Hands-on Omega Seamaster Olympic Games Collection – Inspired by the Olympic Flag and Vintage Stopwatches

calendar | ic_dehaze_black_24px By Brice Goulard | ic_query_builder_black_24px 4 minute read |
Omega Seamaster Olympic Games Collection

The 2018 Winter Olympics are about to start and Omega celebrates its 86th year as the official timekeeper of the Games. What’s more, the brand has announced that it will hold this position at least until 2032 – meaning an entire century of  Olympic timing. After the gold collection introduced earlier this week, it is time to look at the other side of the price range, with the Omega Seamaster Olympic Games Collection – some nice, colourful, entry-level sports watches inspired by the Olympic Flag and vintage stopwatches.
Omega Seamaster Olympic Games Collection

This Omega Seamaster Olympic Games Collection is not dedicated per se to the 2018 Olympic Games, even if it will be launched almost coinciding with the official start of PyeongChang 2018. As such, this new collection is more of a celebration of Omega’s participation in the Games as the official timekeeper. The Biel-based brand has fulfilled this role since 1932 and it just announced that this will continue at least until 2032 – which will mean a centenary of participation (spoiler alert: expect some dedicated watches at Baselworld 2032…)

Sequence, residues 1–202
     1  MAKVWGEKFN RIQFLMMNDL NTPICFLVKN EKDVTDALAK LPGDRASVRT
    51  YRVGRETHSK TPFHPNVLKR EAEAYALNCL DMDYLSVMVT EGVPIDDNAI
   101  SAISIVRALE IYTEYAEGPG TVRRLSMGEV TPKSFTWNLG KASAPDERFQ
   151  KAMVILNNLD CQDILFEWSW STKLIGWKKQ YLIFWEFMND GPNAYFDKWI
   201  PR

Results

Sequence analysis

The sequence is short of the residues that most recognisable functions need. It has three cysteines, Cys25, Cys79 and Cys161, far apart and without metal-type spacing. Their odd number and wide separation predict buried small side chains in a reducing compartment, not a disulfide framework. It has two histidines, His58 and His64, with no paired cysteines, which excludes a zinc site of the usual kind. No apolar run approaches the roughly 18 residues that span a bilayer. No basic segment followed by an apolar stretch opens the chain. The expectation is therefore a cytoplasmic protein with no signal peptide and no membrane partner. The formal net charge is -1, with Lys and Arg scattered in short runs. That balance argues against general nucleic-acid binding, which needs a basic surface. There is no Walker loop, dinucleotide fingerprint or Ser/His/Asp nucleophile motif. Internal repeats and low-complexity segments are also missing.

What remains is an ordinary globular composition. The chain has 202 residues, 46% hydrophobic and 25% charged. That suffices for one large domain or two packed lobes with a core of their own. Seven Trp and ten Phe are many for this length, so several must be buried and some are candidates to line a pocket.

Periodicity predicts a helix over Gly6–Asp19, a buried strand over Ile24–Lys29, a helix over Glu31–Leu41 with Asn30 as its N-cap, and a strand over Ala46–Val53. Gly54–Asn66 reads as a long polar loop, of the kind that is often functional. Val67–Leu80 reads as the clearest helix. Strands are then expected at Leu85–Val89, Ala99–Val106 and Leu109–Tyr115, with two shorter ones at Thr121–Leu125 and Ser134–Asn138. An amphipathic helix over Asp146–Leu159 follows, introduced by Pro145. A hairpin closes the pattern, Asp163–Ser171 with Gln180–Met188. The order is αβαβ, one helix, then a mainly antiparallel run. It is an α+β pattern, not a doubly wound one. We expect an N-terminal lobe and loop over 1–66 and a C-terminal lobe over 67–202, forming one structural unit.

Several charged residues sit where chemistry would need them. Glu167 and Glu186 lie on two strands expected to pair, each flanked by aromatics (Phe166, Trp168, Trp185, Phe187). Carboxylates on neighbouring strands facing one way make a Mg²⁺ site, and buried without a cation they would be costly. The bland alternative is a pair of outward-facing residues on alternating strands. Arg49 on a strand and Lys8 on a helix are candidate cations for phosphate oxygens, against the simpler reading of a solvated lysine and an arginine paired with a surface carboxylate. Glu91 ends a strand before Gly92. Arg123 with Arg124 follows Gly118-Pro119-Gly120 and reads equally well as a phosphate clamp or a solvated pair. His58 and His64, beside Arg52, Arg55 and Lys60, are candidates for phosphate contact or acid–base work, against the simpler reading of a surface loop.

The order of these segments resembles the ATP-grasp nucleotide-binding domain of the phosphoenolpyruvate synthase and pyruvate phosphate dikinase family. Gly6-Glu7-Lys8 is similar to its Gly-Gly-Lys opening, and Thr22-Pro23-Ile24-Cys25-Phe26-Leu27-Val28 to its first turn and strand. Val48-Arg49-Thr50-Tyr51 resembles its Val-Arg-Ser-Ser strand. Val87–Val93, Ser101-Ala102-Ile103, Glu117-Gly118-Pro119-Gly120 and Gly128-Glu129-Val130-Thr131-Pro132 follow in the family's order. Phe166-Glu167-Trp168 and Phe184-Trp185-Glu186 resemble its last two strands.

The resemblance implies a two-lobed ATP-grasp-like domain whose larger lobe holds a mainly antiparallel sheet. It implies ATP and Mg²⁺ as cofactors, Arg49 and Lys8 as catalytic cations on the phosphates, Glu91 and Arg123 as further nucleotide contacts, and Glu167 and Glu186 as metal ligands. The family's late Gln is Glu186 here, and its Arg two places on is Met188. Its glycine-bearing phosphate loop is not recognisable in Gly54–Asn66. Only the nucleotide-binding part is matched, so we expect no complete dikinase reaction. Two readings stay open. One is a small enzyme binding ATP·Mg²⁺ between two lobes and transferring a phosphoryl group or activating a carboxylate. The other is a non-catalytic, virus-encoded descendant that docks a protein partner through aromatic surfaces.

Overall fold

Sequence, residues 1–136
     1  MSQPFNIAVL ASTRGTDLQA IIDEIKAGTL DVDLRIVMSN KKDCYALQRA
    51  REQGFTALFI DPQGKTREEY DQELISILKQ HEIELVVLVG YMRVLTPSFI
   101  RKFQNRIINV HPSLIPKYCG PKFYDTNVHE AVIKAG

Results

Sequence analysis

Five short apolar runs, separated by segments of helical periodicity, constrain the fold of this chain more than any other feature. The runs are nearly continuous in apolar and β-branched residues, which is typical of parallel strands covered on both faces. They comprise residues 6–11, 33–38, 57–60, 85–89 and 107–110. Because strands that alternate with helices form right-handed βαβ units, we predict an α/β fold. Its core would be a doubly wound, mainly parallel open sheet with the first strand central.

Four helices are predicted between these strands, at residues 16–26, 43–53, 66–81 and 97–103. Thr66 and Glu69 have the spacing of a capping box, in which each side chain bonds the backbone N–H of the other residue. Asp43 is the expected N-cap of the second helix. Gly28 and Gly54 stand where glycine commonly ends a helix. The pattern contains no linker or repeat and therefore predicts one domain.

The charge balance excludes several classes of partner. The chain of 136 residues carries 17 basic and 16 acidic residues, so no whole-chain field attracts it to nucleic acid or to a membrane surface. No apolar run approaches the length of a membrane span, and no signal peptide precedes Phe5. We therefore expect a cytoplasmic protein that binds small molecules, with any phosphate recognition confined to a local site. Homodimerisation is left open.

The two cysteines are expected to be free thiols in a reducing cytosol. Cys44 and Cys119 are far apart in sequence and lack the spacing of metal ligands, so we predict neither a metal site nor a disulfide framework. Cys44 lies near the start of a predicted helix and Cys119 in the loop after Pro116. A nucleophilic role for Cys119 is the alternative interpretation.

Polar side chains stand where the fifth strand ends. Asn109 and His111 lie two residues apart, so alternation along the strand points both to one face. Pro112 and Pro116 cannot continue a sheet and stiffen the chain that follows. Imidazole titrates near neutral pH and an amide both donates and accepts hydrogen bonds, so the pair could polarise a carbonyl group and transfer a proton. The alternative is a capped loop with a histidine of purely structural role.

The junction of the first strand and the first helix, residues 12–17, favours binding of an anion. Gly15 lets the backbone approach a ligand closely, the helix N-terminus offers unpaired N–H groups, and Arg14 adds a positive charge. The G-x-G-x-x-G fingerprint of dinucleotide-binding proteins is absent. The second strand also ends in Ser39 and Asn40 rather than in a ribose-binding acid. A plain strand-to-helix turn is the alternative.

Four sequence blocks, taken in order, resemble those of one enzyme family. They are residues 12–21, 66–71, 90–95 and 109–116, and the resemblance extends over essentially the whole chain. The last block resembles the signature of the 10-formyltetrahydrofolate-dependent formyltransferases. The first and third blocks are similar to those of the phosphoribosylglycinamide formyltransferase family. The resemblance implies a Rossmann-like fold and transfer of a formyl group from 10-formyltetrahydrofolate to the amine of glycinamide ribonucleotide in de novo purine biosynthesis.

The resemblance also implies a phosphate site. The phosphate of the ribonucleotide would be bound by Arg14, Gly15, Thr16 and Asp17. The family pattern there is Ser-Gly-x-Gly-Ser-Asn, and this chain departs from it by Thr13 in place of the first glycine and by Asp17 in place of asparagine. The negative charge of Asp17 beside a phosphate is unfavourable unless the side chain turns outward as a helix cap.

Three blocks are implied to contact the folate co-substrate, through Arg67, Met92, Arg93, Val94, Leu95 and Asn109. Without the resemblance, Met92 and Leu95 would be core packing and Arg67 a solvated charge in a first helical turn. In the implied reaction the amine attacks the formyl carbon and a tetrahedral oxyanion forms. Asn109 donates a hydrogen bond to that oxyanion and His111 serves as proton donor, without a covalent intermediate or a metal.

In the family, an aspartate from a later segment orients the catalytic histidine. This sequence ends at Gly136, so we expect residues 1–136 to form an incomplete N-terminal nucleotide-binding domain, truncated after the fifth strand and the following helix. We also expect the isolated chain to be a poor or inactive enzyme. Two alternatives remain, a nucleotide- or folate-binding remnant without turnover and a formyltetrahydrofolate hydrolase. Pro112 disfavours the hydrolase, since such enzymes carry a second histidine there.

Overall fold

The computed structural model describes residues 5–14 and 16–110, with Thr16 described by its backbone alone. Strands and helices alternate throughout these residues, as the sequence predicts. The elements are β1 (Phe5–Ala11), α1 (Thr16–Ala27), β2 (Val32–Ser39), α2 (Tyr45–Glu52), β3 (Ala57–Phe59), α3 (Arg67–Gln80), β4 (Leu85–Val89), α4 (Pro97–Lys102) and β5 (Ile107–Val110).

Several collections have been presented for this occasion, including the elegant and desirable vintage-inspired Seamaster watches. Crafted in gold, they are obviously more expensive than the models reviewed here. Still on the Olympic theme but with a totally different stylistic approach is the new Seamaster Olympic Games Collection: sporty, colourful, slightly vintage… Perhaps not the most appealing collection at first glance (in all fairness, the press images did not do justice to the watches), we were pleasantly surprised when we got to see the pieces on the wrist.

Omega Seamaster Olympic Games Collection

Based on a classic Seamaster design – with lyre lugs and a flat bezel – the watches in the Omega Seamaster Olympic Games Collection are reasonably sized with a diameter of 39.5mm and feature several interesting and unprecedented features. For instance, the crown is onion-shaped – something we’re not used to seeing at Omega. Covering the dial is a highly domed crystal, again something that references the 1970s design spirit of this collection. The case is nicely shaped and features the signature polished bevel that runs from one lug to another. The large diameter of the case back is also surprising and covers almost the entire surface of the watch. It includes an anodized aluminium ring with all the cities and dates of the Olympic Games where Omega was and will be the timekeeper – from Los Angeles 1932 up to Los Angeles 2028.